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Did Kenwood really lose out?

14 February, 2020

• JOSEPH Wright of Derby (1734-97) is acknowledged as the key artist of the early stages of the Industrial Revolution considered as an aspect of the Enlightenment, (Art bypass? Kenwood House misses out on ‘£2.5m’ companion painting, February 6).

Among contemporary artists of the British School he was far from alone in his interest in 17th-century Dutch art (famously represented at Kenwood), but seemed particularly taken by the chiaroscuro – dramatic light and shade – of the Utrecht Caravaggists (early 17th-century), which he used to great effect in famous works such as An Experiment on a Bird in the Air Pump (National Gallery).

At Kenwood he is represented by an enigmatic candlelit painting of two young girls, who may not be as innocent as they look, dressing a cat (or rather a resentful kitten), a work influenced by Judith Leyster’s 17th-century Dutch genre paintings of mischievous children, usually illustrating some sententious proverb (in this case something like “If you play with cats you’ll get scratched”).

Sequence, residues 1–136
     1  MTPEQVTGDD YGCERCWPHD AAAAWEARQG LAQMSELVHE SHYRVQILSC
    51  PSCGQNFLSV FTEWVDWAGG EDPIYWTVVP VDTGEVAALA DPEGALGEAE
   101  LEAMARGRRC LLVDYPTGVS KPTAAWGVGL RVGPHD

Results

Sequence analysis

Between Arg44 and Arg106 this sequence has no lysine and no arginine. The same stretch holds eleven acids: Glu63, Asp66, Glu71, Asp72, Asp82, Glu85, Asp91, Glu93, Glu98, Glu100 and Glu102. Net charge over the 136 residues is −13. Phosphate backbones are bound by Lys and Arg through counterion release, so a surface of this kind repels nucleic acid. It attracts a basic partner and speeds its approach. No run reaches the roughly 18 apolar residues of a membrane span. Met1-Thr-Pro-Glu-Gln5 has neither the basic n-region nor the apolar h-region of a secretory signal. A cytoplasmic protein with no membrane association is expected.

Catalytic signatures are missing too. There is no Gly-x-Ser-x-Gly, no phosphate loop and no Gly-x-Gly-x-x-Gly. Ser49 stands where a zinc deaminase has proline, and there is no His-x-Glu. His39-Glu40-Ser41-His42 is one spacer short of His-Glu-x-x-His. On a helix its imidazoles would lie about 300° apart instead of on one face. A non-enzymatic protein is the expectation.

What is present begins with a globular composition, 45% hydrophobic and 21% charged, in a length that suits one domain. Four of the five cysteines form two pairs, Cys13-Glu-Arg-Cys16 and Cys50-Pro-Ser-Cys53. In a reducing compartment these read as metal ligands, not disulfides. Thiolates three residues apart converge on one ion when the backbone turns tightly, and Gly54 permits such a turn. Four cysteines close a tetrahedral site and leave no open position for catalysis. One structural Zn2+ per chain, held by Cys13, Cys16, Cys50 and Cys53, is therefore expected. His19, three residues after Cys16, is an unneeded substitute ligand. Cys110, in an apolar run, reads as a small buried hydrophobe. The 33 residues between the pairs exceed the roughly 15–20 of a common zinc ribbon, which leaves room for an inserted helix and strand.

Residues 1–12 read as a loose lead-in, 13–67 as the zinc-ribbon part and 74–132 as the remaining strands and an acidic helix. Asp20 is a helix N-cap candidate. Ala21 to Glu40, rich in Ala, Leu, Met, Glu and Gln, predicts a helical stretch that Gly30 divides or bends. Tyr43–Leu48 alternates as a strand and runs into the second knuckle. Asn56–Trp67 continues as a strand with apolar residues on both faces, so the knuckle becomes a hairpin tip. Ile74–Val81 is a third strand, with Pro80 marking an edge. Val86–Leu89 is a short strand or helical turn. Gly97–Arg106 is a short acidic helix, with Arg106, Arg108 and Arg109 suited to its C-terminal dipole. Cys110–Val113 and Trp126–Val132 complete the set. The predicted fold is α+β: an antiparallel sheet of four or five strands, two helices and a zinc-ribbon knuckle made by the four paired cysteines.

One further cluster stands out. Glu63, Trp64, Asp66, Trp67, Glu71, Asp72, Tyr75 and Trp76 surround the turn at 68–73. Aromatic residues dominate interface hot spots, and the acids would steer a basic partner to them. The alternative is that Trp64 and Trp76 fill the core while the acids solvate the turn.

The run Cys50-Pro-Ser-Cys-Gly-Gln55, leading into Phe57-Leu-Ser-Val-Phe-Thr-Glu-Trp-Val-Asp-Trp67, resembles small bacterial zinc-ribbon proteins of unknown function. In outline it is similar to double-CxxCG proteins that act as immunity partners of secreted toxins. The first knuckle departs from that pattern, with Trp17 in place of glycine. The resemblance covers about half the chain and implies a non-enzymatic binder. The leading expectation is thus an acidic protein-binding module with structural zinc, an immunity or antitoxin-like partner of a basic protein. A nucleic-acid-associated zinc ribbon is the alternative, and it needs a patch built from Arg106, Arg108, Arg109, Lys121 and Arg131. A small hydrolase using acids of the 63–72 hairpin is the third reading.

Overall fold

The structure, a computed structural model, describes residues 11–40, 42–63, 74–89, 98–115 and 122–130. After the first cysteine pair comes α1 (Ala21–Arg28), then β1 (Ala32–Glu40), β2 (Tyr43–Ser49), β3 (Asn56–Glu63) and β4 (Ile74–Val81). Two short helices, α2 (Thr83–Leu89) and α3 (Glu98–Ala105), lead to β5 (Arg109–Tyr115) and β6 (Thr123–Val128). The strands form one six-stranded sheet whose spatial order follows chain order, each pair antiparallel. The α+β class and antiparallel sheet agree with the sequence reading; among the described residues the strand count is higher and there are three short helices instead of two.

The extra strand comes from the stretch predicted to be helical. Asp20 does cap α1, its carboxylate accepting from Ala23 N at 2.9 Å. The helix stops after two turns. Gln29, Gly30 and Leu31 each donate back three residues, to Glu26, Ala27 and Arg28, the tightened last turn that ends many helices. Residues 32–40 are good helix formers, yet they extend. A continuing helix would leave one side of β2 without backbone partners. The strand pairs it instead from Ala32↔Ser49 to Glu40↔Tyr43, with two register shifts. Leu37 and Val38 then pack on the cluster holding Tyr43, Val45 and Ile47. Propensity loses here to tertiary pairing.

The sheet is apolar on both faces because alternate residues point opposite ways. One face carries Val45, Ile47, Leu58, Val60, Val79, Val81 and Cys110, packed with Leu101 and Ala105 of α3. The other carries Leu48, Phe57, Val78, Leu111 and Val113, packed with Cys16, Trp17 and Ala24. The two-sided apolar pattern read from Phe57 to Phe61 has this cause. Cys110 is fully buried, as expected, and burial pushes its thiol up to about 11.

Although Wright fully deserves his place in the British School c1750-c1830 (so brilliantly encapsulated in the Iveagh Bequest), this painting, other than his signature chiaroscuro, surely cannot be said to represent much more than a hint of the unique vision upon which Wright’s larger reputation rests.

Under the circumstances it is puzzling that Peter Barber should be so exercised at English Heritage’s refusal to bid for a (perhaps) rather less atmospheric companion piece much more clearly derived directly from Judith Leyster’s work ­– although both pieces, of course, would offer an interesting pendant to a Wright exhibition, and striking contributions to a Leyster exhibition.

Gospel Oak


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